Broadly speaking the hundred was a definable area of land between 1000 and 3000 acres which would support a lord and his attendant families. These manors were assessed for taxation purpose in a measure known as a hide – about 120 acres. Each manor had its own court to deal with its own local disputes but where problems overlapped the territory of another manor the Saxons devised the Hundred Court. Manors were grouped together as Hundreds, that is a territory more-or-less equivalent to 100 hides, and these hundred usually took their name from the central meeting place. Titchfield was one such Hundred.
The history of the Hundred of Titchfield is not straightforward. Although, as we can see from the map, the hundred covered a territory, it represented a jurisdiction and from time to time powerful lords and the abbot of Tichfield withdrew from the hundred, such that by the time of Edward I the hundred consisted only of Wickham, Segensworth, Stubbington and Rowner.
At Domesday the hundred was, as represented on the map above, and included Titchfield, Faccombe, Meon, Bromwich, Bentley, Crofton, Funtley, Wickham, Segenworth, Hook, Stubbington, and Rowner. It was assessed at 46 hides, a low value, which can be explained by the fact that the king, who held Titchfield directly excused himself tax and the very large and prosperous, and indeed populous, manor was only assessed at 2 hides – a tax which does not appear to have been collected anyway.
The Hundred itself was farmed out, that is the rights to the court were granted to someone willing to pay for the privilege. It yielded 58s. 4d. in 1266 and 30s in the time of Richard II. The were the figures paid to the Treasury, so one assumes that the amount collected from taxpayers was in excess of those figures. This relatively low amount illustrates how the Titchfield Hundred had become fragmented and that the ability to make money from administering justice here was limited.
After the middle ages the Hundred continued to serve their function for the administration of justice and collection of taxes, but their importance declined from the 17th century as newer institutions emerged. In the 19th century the development of Poor Law Unions, sanitary districts and highways districts made them redundant. 19th century government acts which created County Councils and Urban and Rural Districts made them completely obsolete. Curiously the Hundred was never formally abolished by Parliament, so in a notional sense they still exist.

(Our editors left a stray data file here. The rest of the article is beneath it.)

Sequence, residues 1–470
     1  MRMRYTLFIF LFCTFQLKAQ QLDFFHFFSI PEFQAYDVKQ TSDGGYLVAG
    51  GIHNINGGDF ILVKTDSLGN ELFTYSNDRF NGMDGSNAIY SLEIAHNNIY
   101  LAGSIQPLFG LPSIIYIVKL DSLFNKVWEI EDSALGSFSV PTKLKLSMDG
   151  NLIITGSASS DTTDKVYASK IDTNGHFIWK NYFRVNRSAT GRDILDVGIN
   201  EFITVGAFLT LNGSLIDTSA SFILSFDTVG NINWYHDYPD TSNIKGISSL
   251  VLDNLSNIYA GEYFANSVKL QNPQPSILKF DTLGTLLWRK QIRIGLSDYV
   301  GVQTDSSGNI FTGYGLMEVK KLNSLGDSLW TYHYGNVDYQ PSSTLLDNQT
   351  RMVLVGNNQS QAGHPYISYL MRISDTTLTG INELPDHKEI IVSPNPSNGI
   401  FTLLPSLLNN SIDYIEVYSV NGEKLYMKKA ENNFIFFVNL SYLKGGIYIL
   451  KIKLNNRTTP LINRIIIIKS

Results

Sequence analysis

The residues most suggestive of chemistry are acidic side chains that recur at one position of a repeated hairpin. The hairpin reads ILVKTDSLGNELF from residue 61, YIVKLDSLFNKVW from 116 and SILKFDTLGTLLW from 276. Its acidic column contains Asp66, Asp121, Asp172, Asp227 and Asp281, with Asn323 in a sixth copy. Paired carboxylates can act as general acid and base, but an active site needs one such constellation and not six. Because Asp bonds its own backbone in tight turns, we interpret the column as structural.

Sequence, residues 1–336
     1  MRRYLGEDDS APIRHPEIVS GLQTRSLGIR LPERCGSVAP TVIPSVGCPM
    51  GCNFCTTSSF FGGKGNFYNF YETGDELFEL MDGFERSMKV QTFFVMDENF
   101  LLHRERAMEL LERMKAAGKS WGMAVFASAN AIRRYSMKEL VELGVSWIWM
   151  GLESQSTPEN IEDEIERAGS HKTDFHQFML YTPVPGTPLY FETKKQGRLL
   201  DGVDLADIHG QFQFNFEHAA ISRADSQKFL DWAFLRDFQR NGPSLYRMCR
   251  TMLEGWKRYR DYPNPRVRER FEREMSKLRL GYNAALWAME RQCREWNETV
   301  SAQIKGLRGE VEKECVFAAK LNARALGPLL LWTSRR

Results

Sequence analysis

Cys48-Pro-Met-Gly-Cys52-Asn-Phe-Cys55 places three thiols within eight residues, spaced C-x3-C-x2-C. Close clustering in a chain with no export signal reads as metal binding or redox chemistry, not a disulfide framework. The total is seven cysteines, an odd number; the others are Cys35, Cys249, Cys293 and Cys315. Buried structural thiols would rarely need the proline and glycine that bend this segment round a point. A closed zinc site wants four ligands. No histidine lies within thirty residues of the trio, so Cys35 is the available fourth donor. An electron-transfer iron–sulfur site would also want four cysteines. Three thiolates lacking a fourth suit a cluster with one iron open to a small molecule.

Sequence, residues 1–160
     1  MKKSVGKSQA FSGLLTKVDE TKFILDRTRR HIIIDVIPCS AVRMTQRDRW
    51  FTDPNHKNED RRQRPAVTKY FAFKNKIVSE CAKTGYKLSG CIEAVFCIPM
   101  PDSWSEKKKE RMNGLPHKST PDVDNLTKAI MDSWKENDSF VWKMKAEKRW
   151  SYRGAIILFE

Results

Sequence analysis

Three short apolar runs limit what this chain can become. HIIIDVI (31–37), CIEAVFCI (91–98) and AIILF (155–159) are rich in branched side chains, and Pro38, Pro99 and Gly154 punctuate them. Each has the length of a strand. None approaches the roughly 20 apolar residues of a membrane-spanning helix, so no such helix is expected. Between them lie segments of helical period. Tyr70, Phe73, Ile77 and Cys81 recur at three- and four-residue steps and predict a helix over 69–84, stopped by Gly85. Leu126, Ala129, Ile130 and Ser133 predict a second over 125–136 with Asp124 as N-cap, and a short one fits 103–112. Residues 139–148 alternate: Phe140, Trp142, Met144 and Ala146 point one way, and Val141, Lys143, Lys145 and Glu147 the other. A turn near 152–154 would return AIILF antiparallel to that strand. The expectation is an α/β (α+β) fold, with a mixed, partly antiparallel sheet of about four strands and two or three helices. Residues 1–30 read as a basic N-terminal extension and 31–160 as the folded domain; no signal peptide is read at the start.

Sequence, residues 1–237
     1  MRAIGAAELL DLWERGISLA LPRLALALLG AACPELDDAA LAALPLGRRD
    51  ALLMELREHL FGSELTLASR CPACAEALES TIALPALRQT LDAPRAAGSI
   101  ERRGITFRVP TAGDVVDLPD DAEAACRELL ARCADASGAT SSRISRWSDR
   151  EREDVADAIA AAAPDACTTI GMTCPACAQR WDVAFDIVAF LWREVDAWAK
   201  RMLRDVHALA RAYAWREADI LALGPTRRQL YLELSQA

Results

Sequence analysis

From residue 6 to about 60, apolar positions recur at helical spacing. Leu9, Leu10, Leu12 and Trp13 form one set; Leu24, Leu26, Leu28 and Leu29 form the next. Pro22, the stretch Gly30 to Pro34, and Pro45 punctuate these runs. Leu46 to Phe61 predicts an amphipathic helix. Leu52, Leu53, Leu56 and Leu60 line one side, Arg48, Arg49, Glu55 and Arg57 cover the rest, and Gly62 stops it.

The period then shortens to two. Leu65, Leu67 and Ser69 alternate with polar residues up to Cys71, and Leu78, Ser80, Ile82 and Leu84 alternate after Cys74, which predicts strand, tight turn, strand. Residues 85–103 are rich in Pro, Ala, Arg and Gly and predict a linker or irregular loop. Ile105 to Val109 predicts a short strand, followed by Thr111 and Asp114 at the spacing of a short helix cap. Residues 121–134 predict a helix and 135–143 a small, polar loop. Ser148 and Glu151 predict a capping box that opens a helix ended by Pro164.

Today their only us is in one of those peculiarly British legal loopholes to allow MPs to give up their seats in Parliament without an election. MPs cannot resign their seats; only an election can unseat them. However, if they hold a royal office they cannot be a member of Parliament. So by applying for the stewardship of the Chiltern Hundreds (in this case an unpaid royal perquisite) they are automatically barred from holding a parliamentary seat. Once those formalities are done with the MP resigns from the Chiltern Hundreds. The last person to be Steward of the Chiltern Hundreds was Sadiq Khan, now Mayor of London.
I have no idea who last held the rights to the Titchfield Hundred, nor whether that is discoverable. It’s an intriguing question.
in 1788, these areas made up the Titchfield Hundred.
Titchfield Park (Fareham parish; SU5307)
Abshot = Abshot (Fareham parish; SU5105)
Alverstoke = Alverstoke (Gosport parish; SZ6099)
Brunidge = Brownwich (Fareham parish; SU5103?)
Chilling = Chilling (Fareham parish; SU5004)
Crofton = Crofton (Fareham parish; SU5504)
Fareham = Fareham (Fareham parish; SU575061)
Gosport = Gosport (Gosport parish; SZ616998)
Gr. Funtley = Funtley (Fareham parish; SU5608)
Hellhead = Hill Head (Fareham parish; SU5402)
Hook = Hook (Fareham parish; SU5005)
L. Funtley = Funtley (Fareham parish; SU5608)
Leigh = Lee-on-the-Solent (Gosport parish; SU5600)
Leigh Marks = Lee Marks? (Gosport parish; SU50?)
Rowner = Rowner (Gosport parish; SU5801)
Stubington = Stubbington (Fareham parish; SU5503)
Titchfield = Titchfield (Fareham parish; SU541058)
Warsash = Warsash (Fareham parish; SU4906)
Wickham = Wickham (Wickham parish; SU575114)